Nowadays, electronic commerce is the subject of intense attention internationally. The debates in the various international fora are characterised by a superposition of international, community and national work and also by the great complexity of the matters considered. This is a consequence of the multifaceted character of electronic commerce, which involves: commercial law, data protection, protection of privacy, consumer protection, contents policy, data security and transmission, taxation, protection of intellectual property rights, encryption, technical standards, etc.
There are two types of work in this context:
General work, which is limited to the topic of electronic commerce, does not introduce restrictions, but is, rather, a contribution to the creation of a consensus. The work done within the ambit of the OECD, the major international conferences and the transatlantic EU/USA dialogues, falls within this category;
More specialised work, which generally concerns "horizontal" questions, which extend beyond the strict limits of electronic commerce but have a significant impact on it, e.g. the protection of intellectual property. In most cases, this work is carried out within specialist organisations.
At an international level, the questions raised by electronic commerce demand a multilateral approach, in addition to bilateral discussions. Two organisations are active in this area, the WTO (World Trade Organisation) and the OECD. In the case of the WTO, it is important to mention that the agreements already made within the ambit of the General Agreements on Trade in Services) (GATS) provide a legal basis for the development of electronic commerce world-wide. In addition to this, there is also a new round of negotiations regarding services, which will commence no later than January 2000, in which electronic commerce will certainly be one of the most important topics. The ICCP (Industrial Computer and Communication Policy) Committee of the OECD has produced a continuous amount of work over several years, in technical areas, which was made public at the Turku conference, in Finland, from the 18 to the 20th of November 1997, devoted to the topic of the Removal the Barriers to World Electronic Commerce. This work of this conference continued at the conference in Ottawa, in Canada from the 7th to the 9th of October 1998, entitled A World without Borders. It is essential, from a national perspective, that Portugal accompanies and takes part in the various on-going activities at community and international level, i.e. in the above mentioned organisations.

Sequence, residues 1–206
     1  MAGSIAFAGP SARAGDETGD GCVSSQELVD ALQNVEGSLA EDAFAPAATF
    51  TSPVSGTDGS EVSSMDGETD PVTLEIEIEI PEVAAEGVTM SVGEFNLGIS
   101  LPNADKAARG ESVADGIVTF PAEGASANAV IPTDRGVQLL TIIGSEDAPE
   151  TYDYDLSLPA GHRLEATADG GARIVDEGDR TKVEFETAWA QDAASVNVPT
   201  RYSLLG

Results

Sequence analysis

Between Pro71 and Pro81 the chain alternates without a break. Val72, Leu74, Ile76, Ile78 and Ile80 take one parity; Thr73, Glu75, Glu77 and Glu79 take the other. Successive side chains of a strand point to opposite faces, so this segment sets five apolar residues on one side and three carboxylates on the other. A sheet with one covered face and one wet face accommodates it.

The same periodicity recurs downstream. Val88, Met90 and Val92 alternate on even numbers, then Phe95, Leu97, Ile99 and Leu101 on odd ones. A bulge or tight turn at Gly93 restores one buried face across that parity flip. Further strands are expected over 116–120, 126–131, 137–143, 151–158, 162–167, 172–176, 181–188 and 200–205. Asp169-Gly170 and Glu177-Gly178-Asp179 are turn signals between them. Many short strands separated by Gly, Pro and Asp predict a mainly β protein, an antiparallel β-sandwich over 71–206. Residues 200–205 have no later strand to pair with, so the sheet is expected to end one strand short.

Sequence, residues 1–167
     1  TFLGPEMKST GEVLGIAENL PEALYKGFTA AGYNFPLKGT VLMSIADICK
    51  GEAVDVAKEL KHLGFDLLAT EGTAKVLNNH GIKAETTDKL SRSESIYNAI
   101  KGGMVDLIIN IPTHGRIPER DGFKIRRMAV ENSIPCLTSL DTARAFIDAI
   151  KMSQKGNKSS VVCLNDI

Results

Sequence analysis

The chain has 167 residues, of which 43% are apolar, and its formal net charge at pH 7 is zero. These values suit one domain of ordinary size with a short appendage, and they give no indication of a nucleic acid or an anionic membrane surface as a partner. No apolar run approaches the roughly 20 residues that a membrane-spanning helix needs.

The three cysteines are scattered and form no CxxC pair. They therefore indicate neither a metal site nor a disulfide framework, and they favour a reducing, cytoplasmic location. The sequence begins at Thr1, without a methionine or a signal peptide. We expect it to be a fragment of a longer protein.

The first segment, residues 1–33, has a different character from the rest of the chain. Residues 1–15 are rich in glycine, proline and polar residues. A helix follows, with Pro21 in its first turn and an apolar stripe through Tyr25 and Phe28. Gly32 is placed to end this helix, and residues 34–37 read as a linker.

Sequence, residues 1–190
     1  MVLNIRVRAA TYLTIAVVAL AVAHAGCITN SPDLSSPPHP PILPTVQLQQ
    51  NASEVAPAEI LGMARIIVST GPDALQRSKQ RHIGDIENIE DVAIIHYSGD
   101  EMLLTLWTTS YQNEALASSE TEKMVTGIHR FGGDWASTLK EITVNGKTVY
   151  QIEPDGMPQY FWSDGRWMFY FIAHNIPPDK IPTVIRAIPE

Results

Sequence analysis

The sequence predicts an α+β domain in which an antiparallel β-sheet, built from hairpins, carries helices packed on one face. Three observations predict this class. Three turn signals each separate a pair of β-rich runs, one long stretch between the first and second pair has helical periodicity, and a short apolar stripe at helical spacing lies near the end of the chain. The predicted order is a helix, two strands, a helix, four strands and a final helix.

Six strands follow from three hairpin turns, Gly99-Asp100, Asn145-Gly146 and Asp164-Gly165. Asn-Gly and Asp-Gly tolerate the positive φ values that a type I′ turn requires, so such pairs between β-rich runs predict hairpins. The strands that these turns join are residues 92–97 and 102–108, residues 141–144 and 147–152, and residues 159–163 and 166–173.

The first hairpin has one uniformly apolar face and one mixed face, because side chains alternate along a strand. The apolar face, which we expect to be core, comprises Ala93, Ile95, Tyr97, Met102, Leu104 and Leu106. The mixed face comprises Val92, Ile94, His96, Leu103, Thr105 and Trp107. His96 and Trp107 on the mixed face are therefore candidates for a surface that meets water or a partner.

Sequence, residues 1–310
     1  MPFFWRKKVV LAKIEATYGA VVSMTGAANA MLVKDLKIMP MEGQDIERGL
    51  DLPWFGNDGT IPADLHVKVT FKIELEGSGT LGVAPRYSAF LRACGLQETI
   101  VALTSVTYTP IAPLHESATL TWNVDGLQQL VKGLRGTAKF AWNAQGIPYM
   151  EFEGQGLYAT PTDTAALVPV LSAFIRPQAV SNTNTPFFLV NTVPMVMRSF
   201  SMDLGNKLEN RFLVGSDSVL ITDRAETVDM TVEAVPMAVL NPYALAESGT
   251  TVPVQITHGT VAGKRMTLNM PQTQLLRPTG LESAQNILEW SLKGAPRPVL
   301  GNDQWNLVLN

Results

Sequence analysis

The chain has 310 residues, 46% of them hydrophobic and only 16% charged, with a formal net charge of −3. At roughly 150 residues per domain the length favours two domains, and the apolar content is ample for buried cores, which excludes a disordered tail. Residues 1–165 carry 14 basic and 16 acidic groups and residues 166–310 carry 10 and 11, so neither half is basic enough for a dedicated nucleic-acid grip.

Measure 8.1 - To create inter-ministerial co-ordination, between all the departments involved in the various aspects of electronic commerce.
Measure 8.2 - To strengthen co-operation with other international partners in order to harmonise procedures in relation to electronic commerce, i.e. within the OECD and the European Union.